Relevant Categories: —DEFENSE—

Post#: 198-18 – Words: 902 – Audio: N/A

As a community of nations, pretty much what we don’t need in the world is yet another reason to threaten each other.  But with the advent of computer technologies and possible repercussions to world peace and stability as those technologies are used for political advantage, it’s very apparent that there is a need to establish a defining of cyber assaults against sovereign national interests and subsequent levels of a response to those threats.  Obviously the current cyber threats applied by Russia toward our election process is in the immediate forefront of this new threat to peace.

The major issue at play in measuring threat levels of cyber-stalking activity is three-fold the way I see it.  The first is the obvious, cyber-meddling between nations doesn’t necessarily have to result in human death tolls and the destruction of property.  While one could certainly argue the potential for cyber-meddling in causing indirect casualties is possible, so far such meddling activity seems to be limited to corporate for proprietary intellectual property espionage, and manipulating election processes.  The fact that such techno-activity does not have to culminate in loss of lives and the destruction of property, is why there’s not a lot of important attention being paid in trying to assert some response conditions.  It’s generally easy by comparison to establish the responsible nation who shoots a missile at another nation, or drops a bomb.  Not so with cyber attacks.

The second issue at play is to what level cyber-tinkering justifies an armed response with the potential for causing human casualties and property damage… when the cyber attack itself was for political advantage and not about inflicting casualties, directly or otherwise.  In other words, what would be an appropriate measured response?

The third issue… at the present detection of  cyber threats and the identification of their origin can be done with a level of confidence and assurance.  But we are not far from the technology of making detection of the assault itself more difficult… we are also not far from being able to make the accurate identification of the responsible party; it being most difficult if not impossible in the very near future. Even deflecting to make the assault look like it’s coming from another source.  This obviously challenges who the enemy is for the proper response.  At any given time on any given day the average mainframe computer of a government agency or corporate headquarters… to the laptops we use in our bed… the detection of malware, viruses, trojans, phishing attacks..  is defending against a thousand assaults a day.  Simply to determine which of those didn’t originate in a foreign capitol intelligence service or some teen hacker playing around on a dare on a mountaintop in Nepal or a basement in Poughkeepsie, is a monolith task.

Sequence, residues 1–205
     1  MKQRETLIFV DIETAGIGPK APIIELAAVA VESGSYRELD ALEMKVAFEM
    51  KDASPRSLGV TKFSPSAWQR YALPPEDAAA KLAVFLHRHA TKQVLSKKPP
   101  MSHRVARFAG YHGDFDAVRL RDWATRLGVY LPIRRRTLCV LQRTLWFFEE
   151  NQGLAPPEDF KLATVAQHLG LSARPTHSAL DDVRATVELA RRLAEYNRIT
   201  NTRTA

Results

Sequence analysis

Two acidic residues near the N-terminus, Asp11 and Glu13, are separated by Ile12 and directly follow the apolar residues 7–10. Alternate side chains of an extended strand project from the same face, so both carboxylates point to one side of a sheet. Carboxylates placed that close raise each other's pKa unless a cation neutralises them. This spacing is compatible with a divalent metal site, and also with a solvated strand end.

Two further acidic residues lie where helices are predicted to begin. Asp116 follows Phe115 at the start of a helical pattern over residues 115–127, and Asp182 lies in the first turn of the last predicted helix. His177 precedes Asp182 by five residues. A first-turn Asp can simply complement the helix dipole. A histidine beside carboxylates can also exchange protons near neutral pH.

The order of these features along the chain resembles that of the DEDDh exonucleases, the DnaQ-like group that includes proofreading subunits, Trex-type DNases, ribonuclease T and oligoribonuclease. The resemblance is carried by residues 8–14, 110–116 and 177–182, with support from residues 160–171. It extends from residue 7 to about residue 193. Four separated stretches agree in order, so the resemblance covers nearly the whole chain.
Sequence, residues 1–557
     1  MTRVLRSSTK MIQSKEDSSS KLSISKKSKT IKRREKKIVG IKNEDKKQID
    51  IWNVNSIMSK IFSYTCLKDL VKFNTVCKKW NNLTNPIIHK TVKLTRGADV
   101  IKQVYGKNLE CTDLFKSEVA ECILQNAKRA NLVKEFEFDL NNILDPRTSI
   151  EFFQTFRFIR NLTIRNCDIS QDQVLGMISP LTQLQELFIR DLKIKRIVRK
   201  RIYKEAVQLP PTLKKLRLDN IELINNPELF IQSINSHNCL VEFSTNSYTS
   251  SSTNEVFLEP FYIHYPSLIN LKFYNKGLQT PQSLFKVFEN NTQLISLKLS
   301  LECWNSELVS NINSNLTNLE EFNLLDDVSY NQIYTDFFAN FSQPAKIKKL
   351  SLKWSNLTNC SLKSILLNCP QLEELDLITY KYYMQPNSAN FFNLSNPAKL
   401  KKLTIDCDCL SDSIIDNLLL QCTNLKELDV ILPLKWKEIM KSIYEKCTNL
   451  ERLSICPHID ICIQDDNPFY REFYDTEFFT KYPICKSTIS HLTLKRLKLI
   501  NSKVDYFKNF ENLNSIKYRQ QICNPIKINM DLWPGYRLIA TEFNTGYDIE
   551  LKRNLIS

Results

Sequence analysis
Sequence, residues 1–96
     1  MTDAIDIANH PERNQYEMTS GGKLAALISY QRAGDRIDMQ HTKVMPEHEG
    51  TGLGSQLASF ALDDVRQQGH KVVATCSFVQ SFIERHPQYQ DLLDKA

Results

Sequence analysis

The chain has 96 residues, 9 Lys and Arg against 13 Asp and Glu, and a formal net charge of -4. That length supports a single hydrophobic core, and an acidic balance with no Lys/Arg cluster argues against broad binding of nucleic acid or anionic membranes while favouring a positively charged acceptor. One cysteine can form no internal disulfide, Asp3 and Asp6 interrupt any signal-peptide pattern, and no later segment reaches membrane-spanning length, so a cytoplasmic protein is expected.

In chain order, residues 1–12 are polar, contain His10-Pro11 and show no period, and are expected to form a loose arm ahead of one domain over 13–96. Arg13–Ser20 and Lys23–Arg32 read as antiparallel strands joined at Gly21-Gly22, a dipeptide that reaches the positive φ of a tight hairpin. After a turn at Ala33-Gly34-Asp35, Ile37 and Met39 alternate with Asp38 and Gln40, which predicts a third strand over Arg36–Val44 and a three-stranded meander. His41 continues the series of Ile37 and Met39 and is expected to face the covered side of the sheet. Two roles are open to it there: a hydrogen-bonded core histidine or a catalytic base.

Solving this problem as a national defensive matter is a huge undertaking by itself, but sitting down with other nations to hammer out some international agreement on what constitutes a measured response for a given attack is at least equally as challenging.


The Extent of Our Collective Vulnerability is Beyond Comprehension –

Literally, some kid from Waterloo, Iowa conceivably could take down the power grid in another country… or the Internet… and that trickle effect could bring about a social and political calamity.  It’s Ian Malcolm’s Chaos Theory on a whole new level.  Forget the butterflies in Siberia flapping their wings.  Some kid in Japan taking down a utility grid could end up messing with the markets on Wall Street.  Some ISIS techno-terrorist could end up changing the GPS navigation satellites… and affect the car you’re driving.

I am not postulating any solutions nor can I even venture to suggest how an international agreement of this kind could be worked out.  I might suggest that any such discussion begin with the NATO members since that organization is already in step for a collective military defense, and the members are in a unified security mindset already.  Very likely the creation of an international cyber center… a cyber “war room” organization of sorts, perhaps under the auspices of the UN, if not NATO, for broader acceptance and greater collective sovereign political inclusion.  Obviously such a cyber “watchdog” organization would in itself end up being independent in function but responsive in reporting to the greater body any issues of concern.


The Cyber Threat Is Also A Defense –

Globalization has its advantages in spite of its social drawbacks.  The global market place also carries with it global banking.. and electronic foot prints to where the money trail originates and is leading.  As being demonstrated with sanctions against Russian officials, getting people in their pocket books can be a sobering compliance measure toward encouraging good international behavior between nations.  In this case technology.. the internet… helps us enforce the rules as much as the “bad guys” might use it to affect political change to their ends.

Then you can have other issues in world diplomacy.  Example… Nation A has the military… Nation B has the technology.  Nation B uses their technology to tamper with Nation A election process.  Nation A doesn’t have technology for fighting back.  All they have is their military.  You can see the implications.


The bottom line is that we can’t wait on this.  Russia tampering with our election and those of other countries is a wake-up call.


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